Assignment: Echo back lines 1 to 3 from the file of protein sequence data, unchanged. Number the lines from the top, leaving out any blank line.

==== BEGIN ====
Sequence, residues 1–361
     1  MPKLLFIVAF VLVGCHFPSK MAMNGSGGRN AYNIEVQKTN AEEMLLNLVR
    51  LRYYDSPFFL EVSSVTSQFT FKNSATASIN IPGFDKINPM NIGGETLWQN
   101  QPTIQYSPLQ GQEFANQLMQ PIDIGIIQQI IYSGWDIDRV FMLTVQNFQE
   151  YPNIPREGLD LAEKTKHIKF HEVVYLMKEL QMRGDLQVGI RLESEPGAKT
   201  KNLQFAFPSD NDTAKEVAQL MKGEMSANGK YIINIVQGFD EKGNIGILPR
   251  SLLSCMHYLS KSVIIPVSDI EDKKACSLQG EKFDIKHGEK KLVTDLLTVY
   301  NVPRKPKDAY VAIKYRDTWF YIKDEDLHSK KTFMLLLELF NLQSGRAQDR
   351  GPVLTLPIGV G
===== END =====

Sequence, residues 1–361
     1  MPKLLFIVAF VLVGCHFPSK MAMNGSGGRN AYNIEVQKTN AEEMLLNLVR
    51  LRYYDSPFFL EVSSVTSQFT FKNSATASIN IPGFDKINPM NIGGETLWQN